Doug Baldwin: Letter To Senate Judiciary Committee A "Huge Step… To Unify The NFL Community"

Doug Baldwin discussed the significance of the letter to the Senate Judiciary Committee that he co-wrote with NFL commissioner Roger Goodell, calling for criminal justice reform.

Doug Baldwin's letter to the Senate Judiciary Committee, which he co-wrote with NFL commissioner Roger Goodell, is just the latest action from the Seahawks receiver who has dedicated so much of his free time over the past year to fighting injustice and inequality.

And while it remains to be seen what effect that letter supporting criminal justice reform has in Washington D.C., the fact that it was co-authored by a player and the league's commissioner is a significant development.

"It's a huge step on a multitude of fronts," Baldwin said. "First and foremost, being able to bring the players together for a collective effort—and we have more coming down that we're working towards—but then also unifying the NFL community. Obviously this has been a divisive topic by nature, just because you have a lot of divisive rhetoric coming from different angles, but this opportunity has given us the ability to unify the NFL community."

Baldwin also co-authored a piece for cnn.com along with Eagles safety Malcolm Jenkins, 49ers safety Eric Reid and former NFL receiver Anquan Boldin calling for bail reform.

Ever since players started protesting issues involving injustice and inequality, beginning with Colin Kaepernick during the 2016 preseason, there have been numerous, drastically different opinions on those protests and about the players who were trying to use their platforms to promote positive change. So for the league and players to come together not just in the form of this letter, but also in the meeting involving players, Goodell, owners and NFLPA leadership that took place in New York Tuesday, is an important step in the process.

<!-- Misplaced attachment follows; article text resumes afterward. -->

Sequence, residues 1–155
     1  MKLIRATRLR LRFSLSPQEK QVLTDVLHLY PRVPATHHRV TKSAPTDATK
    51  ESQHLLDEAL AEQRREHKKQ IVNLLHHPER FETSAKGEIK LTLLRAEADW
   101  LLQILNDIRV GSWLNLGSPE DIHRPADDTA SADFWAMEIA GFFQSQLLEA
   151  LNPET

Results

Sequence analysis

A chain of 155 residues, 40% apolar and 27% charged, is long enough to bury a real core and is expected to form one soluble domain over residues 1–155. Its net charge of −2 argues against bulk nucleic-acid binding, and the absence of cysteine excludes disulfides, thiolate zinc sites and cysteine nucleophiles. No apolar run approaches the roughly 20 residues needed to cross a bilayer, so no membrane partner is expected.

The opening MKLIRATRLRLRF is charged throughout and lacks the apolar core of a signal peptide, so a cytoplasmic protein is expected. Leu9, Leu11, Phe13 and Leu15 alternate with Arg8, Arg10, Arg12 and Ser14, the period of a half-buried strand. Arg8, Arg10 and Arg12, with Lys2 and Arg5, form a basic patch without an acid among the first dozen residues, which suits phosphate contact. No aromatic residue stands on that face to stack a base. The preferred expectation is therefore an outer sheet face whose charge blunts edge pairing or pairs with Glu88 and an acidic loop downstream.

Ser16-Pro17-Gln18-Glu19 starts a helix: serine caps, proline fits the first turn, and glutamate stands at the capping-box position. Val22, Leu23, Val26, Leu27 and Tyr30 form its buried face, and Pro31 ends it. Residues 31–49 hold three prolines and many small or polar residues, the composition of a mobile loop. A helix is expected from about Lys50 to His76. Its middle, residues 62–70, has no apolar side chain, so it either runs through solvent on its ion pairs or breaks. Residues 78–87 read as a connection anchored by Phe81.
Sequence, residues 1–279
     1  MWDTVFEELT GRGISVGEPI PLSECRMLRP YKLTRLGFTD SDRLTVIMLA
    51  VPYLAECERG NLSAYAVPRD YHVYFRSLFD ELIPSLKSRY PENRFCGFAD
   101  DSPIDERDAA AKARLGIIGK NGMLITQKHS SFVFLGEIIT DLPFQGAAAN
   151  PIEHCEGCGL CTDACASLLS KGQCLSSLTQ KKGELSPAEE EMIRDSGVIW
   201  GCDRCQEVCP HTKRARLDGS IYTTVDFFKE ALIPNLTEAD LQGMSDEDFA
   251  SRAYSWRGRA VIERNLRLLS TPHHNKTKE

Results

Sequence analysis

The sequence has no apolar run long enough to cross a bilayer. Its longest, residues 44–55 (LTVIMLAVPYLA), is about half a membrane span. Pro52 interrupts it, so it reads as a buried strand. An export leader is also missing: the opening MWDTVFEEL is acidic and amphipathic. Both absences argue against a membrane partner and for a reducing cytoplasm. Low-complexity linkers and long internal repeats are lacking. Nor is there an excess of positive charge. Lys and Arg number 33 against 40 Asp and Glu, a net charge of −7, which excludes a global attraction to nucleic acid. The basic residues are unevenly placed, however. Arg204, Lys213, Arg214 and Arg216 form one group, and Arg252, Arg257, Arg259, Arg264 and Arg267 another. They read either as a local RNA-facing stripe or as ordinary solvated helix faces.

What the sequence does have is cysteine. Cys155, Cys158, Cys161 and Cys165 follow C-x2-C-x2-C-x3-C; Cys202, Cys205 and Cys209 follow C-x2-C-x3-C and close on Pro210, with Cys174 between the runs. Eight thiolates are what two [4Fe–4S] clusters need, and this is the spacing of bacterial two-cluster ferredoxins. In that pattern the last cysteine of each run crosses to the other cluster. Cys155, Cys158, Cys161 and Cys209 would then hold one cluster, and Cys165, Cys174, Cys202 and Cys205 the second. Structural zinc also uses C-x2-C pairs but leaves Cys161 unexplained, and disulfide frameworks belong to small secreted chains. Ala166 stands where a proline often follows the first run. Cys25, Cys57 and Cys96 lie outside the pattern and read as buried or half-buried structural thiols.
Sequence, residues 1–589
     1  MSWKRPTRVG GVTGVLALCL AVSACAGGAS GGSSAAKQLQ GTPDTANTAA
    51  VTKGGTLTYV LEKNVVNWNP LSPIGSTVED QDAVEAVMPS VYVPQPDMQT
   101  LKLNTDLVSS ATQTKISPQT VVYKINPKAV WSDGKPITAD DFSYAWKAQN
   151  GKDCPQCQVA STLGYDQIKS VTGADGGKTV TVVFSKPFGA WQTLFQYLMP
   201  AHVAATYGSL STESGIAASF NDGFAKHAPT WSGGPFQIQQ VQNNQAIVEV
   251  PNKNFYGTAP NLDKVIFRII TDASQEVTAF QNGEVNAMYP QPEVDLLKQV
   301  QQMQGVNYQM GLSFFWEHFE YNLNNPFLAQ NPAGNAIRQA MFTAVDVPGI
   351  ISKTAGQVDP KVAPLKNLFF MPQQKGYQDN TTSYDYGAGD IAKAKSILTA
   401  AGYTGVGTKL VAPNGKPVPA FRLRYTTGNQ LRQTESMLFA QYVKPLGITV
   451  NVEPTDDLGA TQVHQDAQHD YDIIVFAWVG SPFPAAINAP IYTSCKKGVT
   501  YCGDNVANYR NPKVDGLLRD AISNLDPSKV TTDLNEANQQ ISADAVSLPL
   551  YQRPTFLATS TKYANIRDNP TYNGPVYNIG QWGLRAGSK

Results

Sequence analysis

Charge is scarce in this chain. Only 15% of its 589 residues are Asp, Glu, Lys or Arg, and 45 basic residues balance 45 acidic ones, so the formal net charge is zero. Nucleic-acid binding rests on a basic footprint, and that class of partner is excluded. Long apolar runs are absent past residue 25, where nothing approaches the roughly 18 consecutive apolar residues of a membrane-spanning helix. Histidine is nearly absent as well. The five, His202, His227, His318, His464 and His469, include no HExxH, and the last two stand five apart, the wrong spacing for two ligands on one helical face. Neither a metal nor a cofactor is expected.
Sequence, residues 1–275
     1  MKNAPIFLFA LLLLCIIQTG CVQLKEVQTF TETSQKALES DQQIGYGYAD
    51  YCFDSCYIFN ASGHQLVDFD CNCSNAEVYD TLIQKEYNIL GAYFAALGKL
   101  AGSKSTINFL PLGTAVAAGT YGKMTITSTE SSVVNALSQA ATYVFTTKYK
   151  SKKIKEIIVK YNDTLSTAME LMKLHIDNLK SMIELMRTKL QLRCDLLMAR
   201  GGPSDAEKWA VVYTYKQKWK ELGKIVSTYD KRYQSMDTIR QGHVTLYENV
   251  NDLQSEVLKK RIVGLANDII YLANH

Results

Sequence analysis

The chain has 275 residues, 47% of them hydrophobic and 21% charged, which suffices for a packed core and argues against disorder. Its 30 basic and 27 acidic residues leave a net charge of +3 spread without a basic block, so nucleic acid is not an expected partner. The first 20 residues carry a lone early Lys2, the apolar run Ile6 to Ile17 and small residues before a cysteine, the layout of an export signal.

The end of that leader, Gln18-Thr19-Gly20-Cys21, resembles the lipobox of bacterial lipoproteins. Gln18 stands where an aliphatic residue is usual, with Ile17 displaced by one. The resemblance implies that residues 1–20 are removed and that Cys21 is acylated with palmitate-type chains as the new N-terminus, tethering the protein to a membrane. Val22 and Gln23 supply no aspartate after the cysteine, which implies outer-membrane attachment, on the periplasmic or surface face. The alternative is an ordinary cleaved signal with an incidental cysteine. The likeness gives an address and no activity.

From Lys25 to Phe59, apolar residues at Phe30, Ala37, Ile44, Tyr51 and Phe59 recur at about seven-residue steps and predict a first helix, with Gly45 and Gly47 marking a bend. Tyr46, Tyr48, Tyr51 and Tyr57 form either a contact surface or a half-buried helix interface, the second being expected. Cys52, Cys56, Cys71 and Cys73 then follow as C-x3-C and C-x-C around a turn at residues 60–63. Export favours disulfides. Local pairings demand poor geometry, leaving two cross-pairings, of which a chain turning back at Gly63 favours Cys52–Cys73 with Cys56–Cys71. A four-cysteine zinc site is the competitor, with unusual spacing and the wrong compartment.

"The important aspect of it is us having a unified effort," Baldwin said. "We don't want to be divided anymore. We don't want to engage with this divisive rhetoric. We want to start showing our players, the NFL itself, our NFL community that we can be collectively united to seek the changes that we want to see, which are beneficial to the entirety of society. I thought it was important that we didn't do this as individuals, but that we did it as a collective group."

Seahawks coach Pete Carroll, who recognized last spring that the league and its players had an "extraordinary opportunity" to make an impact that goes far beyond football, is proud to see his players tackling issues that go far beyond football, and he is encouraged to see the league embracing these discussions.

"I think it's really positive," Carroll said. "I am really excited to see that they are taking some steps and working hard at it and not sitting around waiting. They are going for it and trying to figure out what the next steps are. They will move judicially of course, but you can just tell that there is a climate of openness and willingness to exchange and work with the players in a big way. I don't know what has come of it, but that is just the initial feeling going in and it is really encouraging."